Summits Address Capital Market Concerns




The AICPA participated in two meetings on the competitiveness of U.S. capital markets in Washington in March. The first, hosted by Treasury Secretary Henry M. Paulson on March 13, included an open discussion among 45 of the nation’s top business and association executives on whether the U.S. capital markets have struck the right balance between investor protection and market competitiveness. The discussion focused on the U.S. regulatory structure, the accounting profession and the legal and corporate governance environment.

During the meeting, AICPA President and CEO Barry Melancon was invited to take part in a closed-door brainstorming session on issues affecting U.S. market competitiveness in areas such as corporate governance, regulations affecting registrants, investor rights, and accounting and auditing matters.

The next day, Melancon participated in the U.S. Chamber of Commerce’s First Annual Capital Markets Summit. The chamber shared the results and recommendations from an ongoing study and analysis of U.S. capital markets that began in 2006 and focused on identifying the legal and regulatory obstacles to competitiveness. At the meeting, Melancon and others shared their reactions to the chamber’s report.

The following are Melancon’s observations on the two summits:

“The competitiveness of the U.S. capital markets has moved from something that was being talked about quietly to an issue that is front and center. Secretary Paulson’s working group of business and organizational leaders and investor representatives consisted of an open dialogue about the future and what could be done, both in the short and long term. It was a privilege to represent the profession at these events with the likes of Federal Reserve Chairman Ben Bernanke, Secretary Paulson, Warren Buffett, Charles Schwab, New York Mayor Michael Bloomberg, Alan Greenspan and others. These venues provided me with the opportunity to make points about the importance of the audit process and to highlight areas where improvement can be targeted.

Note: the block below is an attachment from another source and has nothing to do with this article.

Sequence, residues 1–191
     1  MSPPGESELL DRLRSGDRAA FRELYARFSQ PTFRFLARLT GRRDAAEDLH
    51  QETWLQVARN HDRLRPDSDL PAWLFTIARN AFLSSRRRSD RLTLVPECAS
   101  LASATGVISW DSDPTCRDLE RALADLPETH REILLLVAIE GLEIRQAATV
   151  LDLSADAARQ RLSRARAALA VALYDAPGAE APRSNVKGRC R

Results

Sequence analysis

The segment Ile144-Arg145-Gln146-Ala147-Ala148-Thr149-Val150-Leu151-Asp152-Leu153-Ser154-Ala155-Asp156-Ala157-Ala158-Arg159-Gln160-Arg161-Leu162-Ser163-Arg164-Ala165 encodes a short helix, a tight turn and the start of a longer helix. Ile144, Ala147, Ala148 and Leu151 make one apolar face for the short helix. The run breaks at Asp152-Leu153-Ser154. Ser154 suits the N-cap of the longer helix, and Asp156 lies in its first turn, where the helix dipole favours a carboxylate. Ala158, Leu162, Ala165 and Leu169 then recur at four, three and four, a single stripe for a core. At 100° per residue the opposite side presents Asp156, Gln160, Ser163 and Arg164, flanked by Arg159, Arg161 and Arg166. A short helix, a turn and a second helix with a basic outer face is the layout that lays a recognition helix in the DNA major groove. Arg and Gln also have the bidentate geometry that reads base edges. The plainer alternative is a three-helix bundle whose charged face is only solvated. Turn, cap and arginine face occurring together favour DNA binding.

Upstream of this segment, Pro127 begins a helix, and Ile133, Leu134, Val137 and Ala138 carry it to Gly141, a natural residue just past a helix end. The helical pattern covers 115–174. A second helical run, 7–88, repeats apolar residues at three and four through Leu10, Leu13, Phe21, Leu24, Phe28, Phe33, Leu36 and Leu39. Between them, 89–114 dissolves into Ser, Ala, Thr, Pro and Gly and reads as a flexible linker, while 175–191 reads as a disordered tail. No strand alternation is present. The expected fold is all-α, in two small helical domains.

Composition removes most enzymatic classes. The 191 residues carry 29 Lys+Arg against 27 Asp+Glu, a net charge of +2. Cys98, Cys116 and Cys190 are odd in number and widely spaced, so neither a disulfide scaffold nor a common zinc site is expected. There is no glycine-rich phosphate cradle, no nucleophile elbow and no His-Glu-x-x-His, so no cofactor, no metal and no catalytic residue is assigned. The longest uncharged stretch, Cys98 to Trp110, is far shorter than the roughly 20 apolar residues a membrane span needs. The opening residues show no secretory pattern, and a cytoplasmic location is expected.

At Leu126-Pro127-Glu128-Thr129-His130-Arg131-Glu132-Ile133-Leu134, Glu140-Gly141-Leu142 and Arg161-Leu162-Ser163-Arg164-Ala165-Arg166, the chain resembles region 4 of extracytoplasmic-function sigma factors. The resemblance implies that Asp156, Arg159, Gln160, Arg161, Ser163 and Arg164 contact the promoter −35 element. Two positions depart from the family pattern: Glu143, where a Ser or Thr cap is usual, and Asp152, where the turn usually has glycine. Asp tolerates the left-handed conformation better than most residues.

“The overall theme of the Paulson and U.S. Chamber summits, I believe, can be summed up in the word ‘balance.’ The U.S. capital markets remain the leaders, but foreign capital is more readily available and foreign markets are marketing against some of the issues in the U.S., including regulatory approach, litigation and regulatory requirements.

“At both summits, participants recognized the need for investor protection and acknowledged it as one of the things that makes the cost of capital in the United States less than in other parts of the world. However, the gap has been closed recently, and a regulatory and legal approach that uses balance is critical to long-term success. The focus of balance centers on the use of professional good faith judgment and the recognition of that judgment in the regulatory process.

“Another major theme at these meetings was what is termed the ‘sustainability of the auditing process.’ This focus was on the threats to the Big Four and the ability of next-tier firms to serve larger public companies. Environmental changes, including more balance in the regulation of the profession and the use of materiality in some matters, were discussed as important in the largest firm segment. In the next tier, barriers to setting up and expanding global networks or associations and market acceptance are important factors in creating a better environment for these firms to grow to be able to serve larger public clients.”


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